As a result of the 2023 budget, that will drop to 23:1 next September.

The PTR is a census of all teachers in a school, including special education teachers, and even with recent cuts, Irish primary school classes remain the largest in the EU.

The effect of this government’s first PTR improvement in the 2020 budget was to reduce class size to 22.8 in 2021/2022, still three students per class above the EU standard of 20.

Class sizes are smaller again this September due to the 2022 budget and will be smaller again next September due to tomorrow’s announcement. But the Irish National Teachers Organization (INTO) had campaigned for greater staffing improvements in the 2023 budget – a reduction in staff allocation to 22:1 – to accelerate progress towards the EU average class size.

Ms Foley is also understood to have secured additional funds to resolve the school bus dispute.

Thousands of children who normally traveled on the transport service lost out this year due to a surge in demand following the government’s decision not to charge for tickets for 2022/2023.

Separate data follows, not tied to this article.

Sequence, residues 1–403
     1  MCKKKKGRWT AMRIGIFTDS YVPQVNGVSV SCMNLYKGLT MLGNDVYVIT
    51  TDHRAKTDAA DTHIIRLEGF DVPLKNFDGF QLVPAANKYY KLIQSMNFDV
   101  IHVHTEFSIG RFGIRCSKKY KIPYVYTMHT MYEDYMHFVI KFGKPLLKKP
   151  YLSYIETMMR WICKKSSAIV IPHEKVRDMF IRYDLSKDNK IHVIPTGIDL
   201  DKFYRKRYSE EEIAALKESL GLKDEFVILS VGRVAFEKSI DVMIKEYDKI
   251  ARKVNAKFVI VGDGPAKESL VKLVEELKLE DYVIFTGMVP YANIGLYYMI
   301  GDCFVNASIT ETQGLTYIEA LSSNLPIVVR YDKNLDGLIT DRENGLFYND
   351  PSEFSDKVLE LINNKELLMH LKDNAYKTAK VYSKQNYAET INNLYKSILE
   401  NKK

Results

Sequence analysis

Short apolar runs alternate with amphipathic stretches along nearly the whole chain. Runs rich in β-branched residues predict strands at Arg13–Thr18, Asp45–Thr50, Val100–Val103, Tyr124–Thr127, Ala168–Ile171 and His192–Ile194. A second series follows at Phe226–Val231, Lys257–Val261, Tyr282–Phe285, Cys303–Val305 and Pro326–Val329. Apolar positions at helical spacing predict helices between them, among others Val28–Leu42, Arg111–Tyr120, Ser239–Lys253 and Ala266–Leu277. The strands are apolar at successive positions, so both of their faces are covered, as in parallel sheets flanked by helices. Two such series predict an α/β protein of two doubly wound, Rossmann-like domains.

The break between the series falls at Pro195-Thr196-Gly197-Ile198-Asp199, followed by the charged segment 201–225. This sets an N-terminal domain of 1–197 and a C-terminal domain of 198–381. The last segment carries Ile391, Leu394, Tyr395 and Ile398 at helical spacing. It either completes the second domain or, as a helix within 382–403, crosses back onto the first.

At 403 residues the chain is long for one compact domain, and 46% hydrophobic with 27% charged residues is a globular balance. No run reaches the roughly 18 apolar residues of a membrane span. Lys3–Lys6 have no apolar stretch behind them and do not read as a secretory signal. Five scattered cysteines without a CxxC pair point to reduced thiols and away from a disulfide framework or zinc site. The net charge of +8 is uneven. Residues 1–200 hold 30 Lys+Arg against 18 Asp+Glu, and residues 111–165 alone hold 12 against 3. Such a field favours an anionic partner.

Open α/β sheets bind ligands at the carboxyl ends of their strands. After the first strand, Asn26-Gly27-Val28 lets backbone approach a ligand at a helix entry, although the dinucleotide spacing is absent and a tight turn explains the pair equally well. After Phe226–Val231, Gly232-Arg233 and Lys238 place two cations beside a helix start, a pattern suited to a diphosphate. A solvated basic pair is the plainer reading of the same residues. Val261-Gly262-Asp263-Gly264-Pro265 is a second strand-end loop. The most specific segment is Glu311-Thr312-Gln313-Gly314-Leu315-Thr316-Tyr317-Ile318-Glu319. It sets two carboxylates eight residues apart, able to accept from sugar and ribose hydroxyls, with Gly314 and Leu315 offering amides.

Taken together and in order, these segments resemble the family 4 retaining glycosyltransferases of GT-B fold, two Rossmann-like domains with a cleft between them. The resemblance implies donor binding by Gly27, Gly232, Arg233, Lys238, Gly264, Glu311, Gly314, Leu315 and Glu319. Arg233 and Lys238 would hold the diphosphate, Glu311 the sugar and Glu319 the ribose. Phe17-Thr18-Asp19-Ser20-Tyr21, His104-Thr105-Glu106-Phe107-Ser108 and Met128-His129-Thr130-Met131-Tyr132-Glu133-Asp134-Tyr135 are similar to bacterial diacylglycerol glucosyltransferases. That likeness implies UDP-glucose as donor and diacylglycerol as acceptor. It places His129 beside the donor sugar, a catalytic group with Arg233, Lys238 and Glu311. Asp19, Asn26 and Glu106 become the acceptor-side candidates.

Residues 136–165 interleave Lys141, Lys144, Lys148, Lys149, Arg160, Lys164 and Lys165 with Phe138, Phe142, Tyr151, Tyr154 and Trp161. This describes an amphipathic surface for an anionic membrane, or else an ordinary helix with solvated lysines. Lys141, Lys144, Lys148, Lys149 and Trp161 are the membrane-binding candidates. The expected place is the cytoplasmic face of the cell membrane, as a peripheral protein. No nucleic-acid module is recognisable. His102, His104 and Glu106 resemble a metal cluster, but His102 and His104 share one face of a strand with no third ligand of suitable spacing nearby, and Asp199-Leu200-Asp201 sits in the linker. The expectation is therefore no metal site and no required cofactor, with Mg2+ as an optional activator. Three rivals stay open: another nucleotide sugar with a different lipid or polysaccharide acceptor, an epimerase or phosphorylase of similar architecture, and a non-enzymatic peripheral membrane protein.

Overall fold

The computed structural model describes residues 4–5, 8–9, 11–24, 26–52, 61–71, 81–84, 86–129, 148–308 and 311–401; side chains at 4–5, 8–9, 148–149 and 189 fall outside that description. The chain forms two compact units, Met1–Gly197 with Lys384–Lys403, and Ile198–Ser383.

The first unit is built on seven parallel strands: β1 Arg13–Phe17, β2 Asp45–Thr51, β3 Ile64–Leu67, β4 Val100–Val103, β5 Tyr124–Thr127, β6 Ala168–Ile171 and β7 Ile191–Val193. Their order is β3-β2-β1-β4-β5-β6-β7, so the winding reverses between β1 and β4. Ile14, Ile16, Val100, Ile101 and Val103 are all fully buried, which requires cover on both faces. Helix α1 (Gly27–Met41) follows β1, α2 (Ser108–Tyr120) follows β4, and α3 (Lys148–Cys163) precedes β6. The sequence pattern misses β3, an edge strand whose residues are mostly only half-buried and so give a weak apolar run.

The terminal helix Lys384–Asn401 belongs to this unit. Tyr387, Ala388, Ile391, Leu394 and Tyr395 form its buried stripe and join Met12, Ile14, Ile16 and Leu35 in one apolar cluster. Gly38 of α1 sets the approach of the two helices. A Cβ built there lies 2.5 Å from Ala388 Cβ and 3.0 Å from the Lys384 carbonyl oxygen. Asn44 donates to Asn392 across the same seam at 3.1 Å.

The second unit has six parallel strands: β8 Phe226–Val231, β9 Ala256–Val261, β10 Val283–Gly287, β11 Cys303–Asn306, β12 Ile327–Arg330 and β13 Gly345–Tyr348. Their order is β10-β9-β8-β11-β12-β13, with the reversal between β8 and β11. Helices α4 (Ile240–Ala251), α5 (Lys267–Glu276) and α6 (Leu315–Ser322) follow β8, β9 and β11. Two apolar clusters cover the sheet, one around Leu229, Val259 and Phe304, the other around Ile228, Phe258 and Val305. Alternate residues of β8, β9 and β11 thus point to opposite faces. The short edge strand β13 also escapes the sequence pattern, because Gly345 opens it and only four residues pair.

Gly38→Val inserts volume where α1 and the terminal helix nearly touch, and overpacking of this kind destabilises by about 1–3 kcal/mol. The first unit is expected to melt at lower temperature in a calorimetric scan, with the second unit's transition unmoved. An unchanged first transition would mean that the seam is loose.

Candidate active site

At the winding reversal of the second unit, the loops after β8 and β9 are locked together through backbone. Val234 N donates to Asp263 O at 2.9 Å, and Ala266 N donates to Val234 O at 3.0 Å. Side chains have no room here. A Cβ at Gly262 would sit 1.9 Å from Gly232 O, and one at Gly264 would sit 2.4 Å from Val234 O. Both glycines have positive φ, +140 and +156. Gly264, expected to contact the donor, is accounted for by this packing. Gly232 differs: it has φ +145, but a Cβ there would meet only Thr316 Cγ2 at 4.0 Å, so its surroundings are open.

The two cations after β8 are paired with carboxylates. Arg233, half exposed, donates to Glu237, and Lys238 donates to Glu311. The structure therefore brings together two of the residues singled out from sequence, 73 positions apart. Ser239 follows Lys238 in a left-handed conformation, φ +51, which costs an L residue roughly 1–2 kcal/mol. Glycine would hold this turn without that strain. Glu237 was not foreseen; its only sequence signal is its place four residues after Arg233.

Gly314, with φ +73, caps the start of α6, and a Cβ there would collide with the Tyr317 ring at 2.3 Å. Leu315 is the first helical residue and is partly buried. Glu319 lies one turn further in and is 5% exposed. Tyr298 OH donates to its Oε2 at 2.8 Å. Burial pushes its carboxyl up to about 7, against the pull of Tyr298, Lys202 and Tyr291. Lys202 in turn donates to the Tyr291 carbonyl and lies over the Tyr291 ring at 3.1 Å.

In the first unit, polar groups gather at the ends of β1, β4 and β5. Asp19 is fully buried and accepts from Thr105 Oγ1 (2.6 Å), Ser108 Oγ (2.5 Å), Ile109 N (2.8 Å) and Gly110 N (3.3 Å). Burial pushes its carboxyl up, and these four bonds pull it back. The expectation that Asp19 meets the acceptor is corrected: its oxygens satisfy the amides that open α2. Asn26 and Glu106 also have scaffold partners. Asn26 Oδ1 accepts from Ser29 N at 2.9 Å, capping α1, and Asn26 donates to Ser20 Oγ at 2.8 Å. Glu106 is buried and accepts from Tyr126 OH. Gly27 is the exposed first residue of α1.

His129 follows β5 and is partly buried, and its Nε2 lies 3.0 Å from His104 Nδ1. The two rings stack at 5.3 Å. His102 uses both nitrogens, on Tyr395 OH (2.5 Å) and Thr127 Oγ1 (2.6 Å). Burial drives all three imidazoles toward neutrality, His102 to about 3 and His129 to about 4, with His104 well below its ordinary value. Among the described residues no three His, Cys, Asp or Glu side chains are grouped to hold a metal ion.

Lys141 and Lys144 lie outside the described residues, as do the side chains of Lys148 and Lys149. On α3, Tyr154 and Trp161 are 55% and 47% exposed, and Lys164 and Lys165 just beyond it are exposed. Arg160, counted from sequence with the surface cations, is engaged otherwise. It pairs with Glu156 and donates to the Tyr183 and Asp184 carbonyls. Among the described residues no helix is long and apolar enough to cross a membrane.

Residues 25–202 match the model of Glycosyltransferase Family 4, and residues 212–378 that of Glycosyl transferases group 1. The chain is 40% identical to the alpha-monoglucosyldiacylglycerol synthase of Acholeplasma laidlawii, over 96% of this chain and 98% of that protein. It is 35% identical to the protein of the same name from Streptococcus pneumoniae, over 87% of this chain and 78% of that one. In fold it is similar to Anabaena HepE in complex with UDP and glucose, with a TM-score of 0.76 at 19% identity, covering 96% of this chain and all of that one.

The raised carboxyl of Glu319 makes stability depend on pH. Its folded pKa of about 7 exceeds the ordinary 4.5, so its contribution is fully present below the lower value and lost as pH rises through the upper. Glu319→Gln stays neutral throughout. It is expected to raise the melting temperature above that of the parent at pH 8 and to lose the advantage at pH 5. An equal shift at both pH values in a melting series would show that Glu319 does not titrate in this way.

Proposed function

There are different categories of students in school bus transport. Students who meet the eligibility criteria will be guaranteed a seat, and if there is capacity, tickets will be randomly allocated to ineligible applicants as “discounted” passengers.

The high number of applications, including eligible students who had not applied for a ticket in previous years, presented a challenge to obtain enough buses and drivers at short notice to meet demand during the tourist off-season.

Bus Éireann, which operates the service – largely with private contractors – has focused on delivering on its commitment to outstanding eligible students.

The problem Ms Foley faced was the thousands of discounted passengers who rely on the service.

In addition to securing the financing of more buses, the special cost-of-living package naturally includes an additional €10 million for a fuel subsidy for school transport.

https://www.independent.ie/irish-news/education/budget-2023-double-child-benefit-payment-and-higher-tax-band-only-for-earners-over-40000-42016203.html Budget 2023: double child benefit payment and higher tax bracket only for earners over €40,000

Fry Electronics Team